Authorities in southern China have launched an investigation into a hidden camera discovered in a fitting room at fashion retailer Uniqlo, the latest in a series of high-profile voyeurism scandals to hit the country.
The probe was initiated after a shopper, surnamed Zhong, said she noticed the button-sized camera Saturday while trying on clothes at a Uniqlo store in Guangdong province’s Shenzhen City, according to a report Monday by The Paper, Sixth Tone’s sister publication.
A representative for the Japanese chain told Sixth Tone that the company did not know how long the camera had been in the fitting room or if the footage had been shared with a third party. He added that the company is cooperating with the investigation by Longhua District police.
Photos show the camera found in a Uniqlo fitting room in Shenzhen, June 15, 2019. @宝安日报 on Weibo
The news comes about a month after a hidden camera was found by guests at a property rented through short-term lodging service Airbnb in eastern China. Weeks later, a guesthouse owner in another eastern Chinese city was detained after multiple hidden cameras were discovered in women’s bathrooms.
Online, netizens are now calling for a crackdown on high-tech voyeurism and hidden-camera sales.
“Authorities need to pay attention to hidden cameras,” wrote one user on microblogging platform Weibo. “The image resolution is getting better and they are getting harder to detect with the naked eye.”
The user added that “anyone can buy a hidden camera on (e-commerce site) Taobao for a few hundred yuan, and ordinary people can’t find them.”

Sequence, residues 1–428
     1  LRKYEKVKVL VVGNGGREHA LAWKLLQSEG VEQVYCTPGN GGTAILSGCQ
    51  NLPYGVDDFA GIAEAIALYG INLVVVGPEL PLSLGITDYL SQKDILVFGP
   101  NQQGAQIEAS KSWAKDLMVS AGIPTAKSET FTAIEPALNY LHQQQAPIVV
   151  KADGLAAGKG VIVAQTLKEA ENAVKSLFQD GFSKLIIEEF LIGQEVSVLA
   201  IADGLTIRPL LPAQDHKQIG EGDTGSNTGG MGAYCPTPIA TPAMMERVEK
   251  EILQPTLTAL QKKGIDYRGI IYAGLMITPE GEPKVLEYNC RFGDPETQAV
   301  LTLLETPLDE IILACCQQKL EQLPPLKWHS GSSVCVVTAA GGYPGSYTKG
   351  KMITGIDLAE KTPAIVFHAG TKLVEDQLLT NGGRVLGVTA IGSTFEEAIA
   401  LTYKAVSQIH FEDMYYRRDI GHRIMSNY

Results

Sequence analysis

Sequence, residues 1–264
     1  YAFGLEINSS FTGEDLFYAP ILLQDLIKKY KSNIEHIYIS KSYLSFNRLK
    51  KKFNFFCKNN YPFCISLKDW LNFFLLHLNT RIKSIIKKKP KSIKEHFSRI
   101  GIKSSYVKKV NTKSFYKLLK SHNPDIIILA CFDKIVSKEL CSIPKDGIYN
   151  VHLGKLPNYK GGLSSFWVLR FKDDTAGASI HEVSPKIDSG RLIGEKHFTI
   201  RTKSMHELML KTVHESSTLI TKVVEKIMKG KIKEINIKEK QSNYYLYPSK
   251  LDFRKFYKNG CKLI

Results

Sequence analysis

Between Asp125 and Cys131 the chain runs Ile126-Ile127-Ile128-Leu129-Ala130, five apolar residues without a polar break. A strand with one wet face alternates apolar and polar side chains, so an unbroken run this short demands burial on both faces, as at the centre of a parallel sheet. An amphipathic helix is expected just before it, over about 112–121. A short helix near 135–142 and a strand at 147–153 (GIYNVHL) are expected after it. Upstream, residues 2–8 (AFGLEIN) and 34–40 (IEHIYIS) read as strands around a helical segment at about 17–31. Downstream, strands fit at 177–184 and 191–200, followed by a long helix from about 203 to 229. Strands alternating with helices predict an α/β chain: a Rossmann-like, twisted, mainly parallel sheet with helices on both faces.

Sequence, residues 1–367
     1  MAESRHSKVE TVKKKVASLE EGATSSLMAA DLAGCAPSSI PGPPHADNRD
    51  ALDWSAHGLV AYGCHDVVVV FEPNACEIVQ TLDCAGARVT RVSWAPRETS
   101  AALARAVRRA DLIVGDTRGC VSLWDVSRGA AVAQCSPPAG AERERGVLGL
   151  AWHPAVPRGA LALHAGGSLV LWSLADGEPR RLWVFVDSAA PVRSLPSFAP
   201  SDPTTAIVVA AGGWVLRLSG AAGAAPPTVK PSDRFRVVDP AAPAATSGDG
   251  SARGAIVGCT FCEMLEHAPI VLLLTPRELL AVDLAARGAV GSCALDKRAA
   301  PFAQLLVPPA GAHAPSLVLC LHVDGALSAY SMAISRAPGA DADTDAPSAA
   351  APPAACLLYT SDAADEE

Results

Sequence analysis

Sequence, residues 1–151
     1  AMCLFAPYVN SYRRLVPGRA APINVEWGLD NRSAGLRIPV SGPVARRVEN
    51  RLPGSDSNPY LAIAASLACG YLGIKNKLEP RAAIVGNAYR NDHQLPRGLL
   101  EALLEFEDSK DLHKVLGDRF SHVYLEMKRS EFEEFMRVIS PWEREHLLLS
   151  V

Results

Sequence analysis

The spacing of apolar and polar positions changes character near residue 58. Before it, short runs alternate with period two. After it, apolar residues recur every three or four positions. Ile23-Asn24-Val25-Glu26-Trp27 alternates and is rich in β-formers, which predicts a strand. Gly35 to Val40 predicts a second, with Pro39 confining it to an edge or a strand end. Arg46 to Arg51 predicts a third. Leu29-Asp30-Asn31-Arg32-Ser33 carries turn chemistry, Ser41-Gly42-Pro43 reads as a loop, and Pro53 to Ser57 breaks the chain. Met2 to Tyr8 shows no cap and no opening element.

Nonconsensual voyeurism is not a criminal offense in China. Under the country’s administrative punishments law, those who secretly photograph or record others face a maximum punishment of just 10 days in administrative detention and 500 yuan ($72) in fines.
“The current laws are not robust,” Qu Zhenhong, a lawyer at Beijing Huayi Law Firm, told Sixth Tone on Tuesday.
“In cases of pure voyeurism, no criminal offense has been committed,” she said. “Only if the footage is distributed can a case be considered under the crime of disseminating obscene material (for profit).”
According to Qu, victims of voyeurism can seek redress by filing civil lawsuits against perpetrators, but advocates for restricting access to hidden cameras are likely to be disappointed. It’s unlikely that the government will be able to effectively regulate sales of small cameras without setting up a specialized monitoring department, she said.
Difficulties such as these have left many in China frustrated – especially over the lack of privacy for women.
“It suddenly feels so tiring to be female,” one Weibo user wrote in response to Saturday’s incident. “There’s just no way to be safe.”
Editor: Kilian O’Donnell and Layne Flower.
(Header image: An interior view of a Uniqlo fitting room in Changchun, Jilin province, July 15, 2015. VCG)